04/12/10 Portland, Ore.
Billy Martin, Ph.D., splits his professional life in several ways. Much of the time he is working with those who suffer from chronic, disabling tinnitus (ringing in the ears). He is also working with colleagues trying to figure out how to shut off this frequently debilitating sound . Other times he is mapping the function of the brain during neurosurgery. Lately, he frequently finds himself quoted in newspapers around the world on topics ranging from cicadas to iPods. It's part of the Oregon Hearing Research Center's award-winning public health outreach campaign to reduce noise-induced hearing loss and tinnitus (or ringing in the ears), called Dangerous Decibels®.
"The importance of community outreach as one of the key endpoints of translational medicine cannot be overstated. Taking our research and packaging it in a digestible format that can be consumed by young people in ways that will change their health behaviors for the rest of their lives is phenomenally rewarding," said Dr. Martin, Professor in the Department of Otolaryngology/Head and Neck Surgery with a joint appointment in the Department of Public Health & Preventive Medicine.
Noise-induced hearing is considered a national epidemic, with about 5.2 million 6-to 19-year olds suffering hearing loss directly related to noise exposure. With the increase usage of personal stereo systems focused on continuous headphone use, the incidence is likely to rise without interventions. The most commonly reported precipitating factor for tinnitus is also noise exposure.
Enter Dangerous Decibels.
The program had its genesis in a charge from Senator Mark Hatfield in the late 1990s – "Think big!" he said, encouraging School of Medicine hearing researchers to join forces with community clinicians and other groups. Several grants later, Dangerous Decibels was a reality. The mission of the outreach campaign then and now is to significantly reduce the prevalence of noise-induced hearing loss and tinnitus through exhibits, educational outreach and research. The strategy is to change the knowledge, attitudes, and behaviors of school-aged children about sound exposure and the use of hearing protection strategies.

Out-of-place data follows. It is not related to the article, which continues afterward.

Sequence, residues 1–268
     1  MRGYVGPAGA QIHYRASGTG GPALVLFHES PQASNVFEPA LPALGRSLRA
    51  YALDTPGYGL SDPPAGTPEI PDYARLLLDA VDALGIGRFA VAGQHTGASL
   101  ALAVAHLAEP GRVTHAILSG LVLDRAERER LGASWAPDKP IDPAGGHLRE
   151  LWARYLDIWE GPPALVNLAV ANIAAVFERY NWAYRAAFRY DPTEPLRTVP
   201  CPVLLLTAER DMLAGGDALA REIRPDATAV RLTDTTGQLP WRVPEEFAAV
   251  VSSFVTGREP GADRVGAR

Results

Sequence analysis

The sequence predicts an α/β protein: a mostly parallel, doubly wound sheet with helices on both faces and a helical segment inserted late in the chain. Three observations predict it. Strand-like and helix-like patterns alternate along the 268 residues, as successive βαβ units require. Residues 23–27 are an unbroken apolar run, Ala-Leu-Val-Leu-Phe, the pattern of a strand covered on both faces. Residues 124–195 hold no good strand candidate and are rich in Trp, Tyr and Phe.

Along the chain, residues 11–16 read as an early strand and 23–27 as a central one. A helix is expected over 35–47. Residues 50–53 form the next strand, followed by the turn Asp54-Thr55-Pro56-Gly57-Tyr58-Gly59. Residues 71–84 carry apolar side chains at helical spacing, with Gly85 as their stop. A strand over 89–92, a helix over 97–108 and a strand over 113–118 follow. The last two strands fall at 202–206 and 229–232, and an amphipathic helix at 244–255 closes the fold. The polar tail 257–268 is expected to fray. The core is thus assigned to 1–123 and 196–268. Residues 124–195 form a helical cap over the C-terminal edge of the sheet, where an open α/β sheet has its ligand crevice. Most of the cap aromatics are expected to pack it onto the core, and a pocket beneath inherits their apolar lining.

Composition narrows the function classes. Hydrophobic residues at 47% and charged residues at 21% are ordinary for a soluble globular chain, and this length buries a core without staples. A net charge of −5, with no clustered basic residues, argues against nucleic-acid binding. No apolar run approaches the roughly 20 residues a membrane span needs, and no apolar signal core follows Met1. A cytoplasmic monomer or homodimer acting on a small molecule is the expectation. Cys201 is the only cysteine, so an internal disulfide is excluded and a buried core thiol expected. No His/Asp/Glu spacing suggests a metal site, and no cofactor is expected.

Dangerous Decibels includes a permanent museum exhibition at the Oregon Museum of Science & Industry (OMSI) where visitors are welcomed by a giant, walk-through ear. Educator workshops train a wide range of interested groups to deliver the Dangerous Decibels curriculum across the nation. The Dangerous Decibels resources have gone international. The classroom program is being taught across Canada and will be delivered in all schools in New Zealand. Australia is also planning to incorporate it into their national hearing health plan. Some of the resources are now in French and German and Dangerous Decibels materials are being used in 47 US States and 14 different countries.
One objective of the program is to create "gut level" sense of sounds that are dangerous – nightclubs, concerts, iPods, firearms, lawnmowers. Equally important, the program provides simple protection strategies: turn it down, move away, protect your ears.
Dangerous Decibels has partnered with the Northwest Portland Area Indian Health Board, to address hearing health issues in tribes across the region. "Hearing is an essential part of tribal life. Traditions are passed on from generation to generation by word of mouth. If you lose your hearing, you're out of the loop," said Dr. Martin. The tribal communities report high levels of occupational and recreational noise exposures and Dangerous Decibels has begun working with their children.
Dr. Martin concludes, "To me, the essence of translational research is taking magnificent images captured during NIH funded, basic science research by my colleagues in the Oregon Hearing Research Center, incorporating them into an innovative and exciting hearing health program, and then seeing the lives of children changed by the experience. None of this could happen without the contributions of the fantastic Dangerous Decibels team."